Currents Conversation

We laughed. We cried. We listened and talked and networked and absorbed at the CPRS National conference in Victoria BC.

I was asked to write about Day Two which began with journalist, Anna Maria Tremonti and her presentation titled “Answer the Damn Question”. Ms. Tremonti came at this room of PR experts from her journalistic viewpoint and made all of us stop and think about what our “key messages” really mean. She encouraged us to speak from the heart as she shared some of the stories that had most surprised and moved her over the years.

One of the points she made that really resonated with me was that “if you make the decisions, you are accountable…so you should be willing to talk about them.” In other words, if you own your decisions, you own your ability to speak to them. She talked about “having a conversation”, “speaking without spin” and “connecting the dots.”

My take-away from her presentation is that we are no longer working in a world of scripted interviews given by clients we have carefully trained to stay “on message”. We all need to listen to the questions and then have a conversation…not an interview. A powerful message for everyone who speaks to the media.

Next I attended a fascinating workshop on employee engagement by Brenda Sweeney (Partner, Kennedy Jones & Sweeney Inc.).  She presented the program developed for Oakville Ontario Hydro to revitalize their Occupational Health and Safety Management system called “Stayin’ Alive” (cue the Bee Gees). Ms. Sweeney employed the RACE formula to develop the program which used peer teams, great graphics, fun events and team building to engage employees year round. The program was very successful, increasing overall awareness. Ms. Sweeney noted that having senior management buy-in and involvement was critical to the success of the program. CPRS thought it was pretty impressive as well and awarded this program a silver medal for the Canadian Government Relations Campaign of the Year. No disco balls were used in the making of this presentation.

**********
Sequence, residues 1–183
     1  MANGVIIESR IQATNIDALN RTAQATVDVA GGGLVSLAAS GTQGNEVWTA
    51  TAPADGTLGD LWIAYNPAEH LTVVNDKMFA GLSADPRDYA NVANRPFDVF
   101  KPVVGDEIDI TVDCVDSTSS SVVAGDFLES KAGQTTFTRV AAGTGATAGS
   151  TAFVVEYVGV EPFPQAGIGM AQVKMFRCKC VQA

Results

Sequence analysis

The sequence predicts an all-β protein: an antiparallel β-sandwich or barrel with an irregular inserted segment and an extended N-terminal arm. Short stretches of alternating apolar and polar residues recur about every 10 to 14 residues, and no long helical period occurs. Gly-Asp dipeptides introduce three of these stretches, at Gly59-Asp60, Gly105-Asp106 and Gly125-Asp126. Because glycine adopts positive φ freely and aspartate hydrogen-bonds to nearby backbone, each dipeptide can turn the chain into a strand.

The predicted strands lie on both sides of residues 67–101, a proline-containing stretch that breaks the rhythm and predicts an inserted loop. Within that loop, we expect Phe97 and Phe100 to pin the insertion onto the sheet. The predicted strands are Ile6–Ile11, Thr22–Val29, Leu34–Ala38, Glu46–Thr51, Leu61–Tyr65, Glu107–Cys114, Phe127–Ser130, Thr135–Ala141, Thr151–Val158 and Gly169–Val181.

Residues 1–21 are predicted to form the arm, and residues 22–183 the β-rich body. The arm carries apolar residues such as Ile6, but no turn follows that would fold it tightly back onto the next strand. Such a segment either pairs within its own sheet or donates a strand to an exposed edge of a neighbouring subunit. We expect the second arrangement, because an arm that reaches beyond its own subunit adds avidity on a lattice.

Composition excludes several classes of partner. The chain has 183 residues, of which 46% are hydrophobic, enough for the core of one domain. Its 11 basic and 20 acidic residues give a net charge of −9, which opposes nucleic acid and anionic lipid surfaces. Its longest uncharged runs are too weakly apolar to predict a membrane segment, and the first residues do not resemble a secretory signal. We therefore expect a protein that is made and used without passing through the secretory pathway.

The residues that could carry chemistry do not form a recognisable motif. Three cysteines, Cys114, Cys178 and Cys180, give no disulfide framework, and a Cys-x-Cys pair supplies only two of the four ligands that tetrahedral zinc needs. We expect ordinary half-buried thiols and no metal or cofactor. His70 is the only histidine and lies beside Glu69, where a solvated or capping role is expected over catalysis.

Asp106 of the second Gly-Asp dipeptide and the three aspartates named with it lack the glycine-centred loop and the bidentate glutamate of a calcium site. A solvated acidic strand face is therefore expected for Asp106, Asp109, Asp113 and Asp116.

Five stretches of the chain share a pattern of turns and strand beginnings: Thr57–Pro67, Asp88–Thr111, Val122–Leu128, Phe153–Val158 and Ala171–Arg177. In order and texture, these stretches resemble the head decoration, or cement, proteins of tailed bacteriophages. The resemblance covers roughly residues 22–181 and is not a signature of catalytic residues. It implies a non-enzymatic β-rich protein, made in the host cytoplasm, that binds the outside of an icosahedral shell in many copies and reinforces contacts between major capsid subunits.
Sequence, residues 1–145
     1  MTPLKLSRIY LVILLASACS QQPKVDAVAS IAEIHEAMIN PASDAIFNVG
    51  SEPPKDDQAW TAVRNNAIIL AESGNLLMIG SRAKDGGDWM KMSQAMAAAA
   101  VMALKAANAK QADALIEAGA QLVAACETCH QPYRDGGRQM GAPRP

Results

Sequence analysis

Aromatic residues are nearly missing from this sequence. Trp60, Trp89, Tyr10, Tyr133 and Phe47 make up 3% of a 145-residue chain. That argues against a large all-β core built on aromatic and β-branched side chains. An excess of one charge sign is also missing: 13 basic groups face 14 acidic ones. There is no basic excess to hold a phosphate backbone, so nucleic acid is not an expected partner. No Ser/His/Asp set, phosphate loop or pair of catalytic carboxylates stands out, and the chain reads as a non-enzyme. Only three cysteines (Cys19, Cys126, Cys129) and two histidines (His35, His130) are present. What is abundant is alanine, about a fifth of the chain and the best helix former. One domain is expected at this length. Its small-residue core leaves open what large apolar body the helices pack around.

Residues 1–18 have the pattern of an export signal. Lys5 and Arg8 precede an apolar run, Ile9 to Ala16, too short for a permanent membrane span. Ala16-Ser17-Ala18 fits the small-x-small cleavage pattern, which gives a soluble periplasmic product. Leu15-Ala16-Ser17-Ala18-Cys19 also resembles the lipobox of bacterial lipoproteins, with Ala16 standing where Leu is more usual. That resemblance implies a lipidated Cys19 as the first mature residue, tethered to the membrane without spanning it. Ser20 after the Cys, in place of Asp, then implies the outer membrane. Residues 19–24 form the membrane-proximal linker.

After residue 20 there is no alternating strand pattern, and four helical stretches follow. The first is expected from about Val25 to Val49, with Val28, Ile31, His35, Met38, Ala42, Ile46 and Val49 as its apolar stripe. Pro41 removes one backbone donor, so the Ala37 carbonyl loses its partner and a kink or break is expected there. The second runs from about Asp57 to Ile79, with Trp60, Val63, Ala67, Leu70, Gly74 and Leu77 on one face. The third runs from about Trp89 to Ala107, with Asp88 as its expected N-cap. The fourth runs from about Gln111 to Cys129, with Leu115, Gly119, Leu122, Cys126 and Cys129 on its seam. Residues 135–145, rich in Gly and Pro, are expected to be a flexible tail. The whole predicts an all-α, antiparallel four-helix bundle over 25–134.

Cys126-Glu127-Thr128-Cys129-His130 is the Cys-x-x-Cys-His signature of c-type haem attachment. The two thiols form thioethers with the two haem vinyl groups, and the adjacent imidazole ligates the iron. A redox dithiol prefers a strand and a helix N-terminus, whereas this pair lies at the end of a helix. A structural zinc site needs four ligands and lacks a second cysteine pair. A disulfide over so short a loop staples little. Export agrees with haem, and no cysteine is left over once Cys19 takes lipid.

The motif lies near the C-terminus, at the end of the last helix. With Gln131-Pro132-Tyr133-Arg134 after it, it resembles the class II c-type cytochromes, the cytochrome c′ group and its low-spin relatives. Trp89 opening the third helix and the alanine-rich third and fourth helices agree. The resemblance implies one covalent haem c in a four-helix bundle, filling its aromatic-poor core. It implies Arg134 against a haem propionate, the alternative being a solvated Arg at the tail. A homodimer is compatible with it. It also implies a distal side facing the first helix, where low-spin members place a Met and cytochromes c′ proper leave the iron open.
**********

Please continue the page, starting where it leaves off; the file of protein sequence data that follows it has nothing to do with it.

Without a doubt, the biggest laughs of the day came during Rob Guenette’s (CEO, Taxi) presentation. I feel completely comfortable calling Rob by his first name – his casual style of presentation and “salty” (his word) language made us all feel like he’s an old friend. Rob’s presentation, titled “Doubt” , was all about trying new things and getting comfortable with failure – in other words, we need to challenge the sacred cows, take chances, make mistakes, go with our gut….and be a sh*t disturber. That’s what leads to brilliance. Rob’s commercial reel certainly had me convinced. People in the audience were asking him for a job by the end of his presentation.

The last presentation of the day I took part in was The Art of Media: Generating New Coverage delivered by Bill Carney and Mark Hunter LaVigne, both experts and published authors on this topic. This is a huge topic and they delivered lots of great information. I loved the line from the presentation – “Good communication can’t overcome bad judgment” – a mantra for many of us.  There was an emphasis on content, keeping media releases short and a reminder to really get to know the media you are pitching to – read their blogs and tweets and develop a relationship.  I thought a couple of the twentysomethings in the room were going to faint when Mr. LaVigne suggested sending media releases by mail – that’s Canada Post mail, not email. An interesting idea that really got people talking.

It was a great day, in fact all three days offered amazing insights – from Wayne Parrish of Postmedia who was the opening speaker on Day One to my last workshop with Andrea Montgomery from Halton Region’s Public Health Division (who brilliantly got her public health nurses tweeting) – there was something to take away from every presentation.

It was a fantastic conversation. www.susanevanscommunications.ca

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